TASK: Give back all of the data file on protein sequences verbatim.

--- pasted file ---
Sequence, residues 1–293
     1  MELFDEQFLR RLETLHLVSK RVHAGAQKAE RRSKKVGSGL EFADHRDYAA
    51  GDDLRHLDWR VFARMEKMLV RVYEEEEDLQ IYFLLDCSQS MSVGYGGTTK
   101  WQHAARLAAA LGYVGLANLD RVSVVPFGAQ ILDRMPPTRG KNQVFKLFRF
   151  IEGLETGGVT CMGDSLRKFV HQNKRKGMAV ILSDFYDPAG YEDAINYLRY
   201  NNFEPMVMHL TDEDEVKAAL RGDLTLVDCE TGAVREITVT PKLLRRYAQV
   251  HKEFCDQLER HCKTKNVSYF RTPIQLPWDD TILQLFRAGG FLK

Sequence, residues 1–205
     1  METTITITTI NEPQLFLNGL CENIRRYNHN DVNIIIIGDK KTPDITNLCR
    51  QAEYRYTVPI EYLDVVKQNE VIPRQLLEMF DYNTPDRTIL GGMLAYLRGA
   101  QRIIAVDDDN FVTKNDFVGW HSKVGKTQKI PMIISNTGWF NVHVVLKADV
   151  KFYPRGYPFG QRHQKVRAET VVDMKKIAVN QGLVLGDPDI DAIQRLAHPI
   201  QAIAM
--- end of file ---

Sequence, residues 1–293
     1  MELFDEQFLR RLETLHLVSK RVHAGAQKAE RRSKKVGSGL EFADHRDYAA
    51  GDDLRHLDWR VFARMEKMLV RVYEEEEDLQ IYFLLDCSQS MSVGYGGTTK
   101  WQHAARLAAA LGYVGLANLD RVSVVPFGAQ ILDRMPPTRG KNQVFKLFRF
   151  IEGLETGGVT CMGDSLRKFV HQNKRKGMAV ILSDFYDPAG YEDAINYLRY
   201  NNFEPMVMHL TDEDEVKAAL RGDLTLVDCE TGAVREITVT PKLLRRYAQV
   251  HKEFCDQLER HCKTKNVSYF RTPIQLPWDD TILQLFRAGG FLK

Sequence, residues 1–205
     1  METTITITTI NEPQLFLNGL CENIRRYNHN DVNIIIIGDK KTPDITNLCR
    51  QAEYRYTVPI EYLDVVKQNE VIPRQLLEMF DYNTPDRTIL GGMLAYLRGA
   101  QRIIAVDDDN FVTKNDFVGW HSKVGKTQKI PMIISNTGWF NVHVVLKADV
   151  KFYPRGYPFG QRHQKVRAET VVDMKKIAVN QGLVLGDPDI DAIQRLAHPI
   201  QAIAM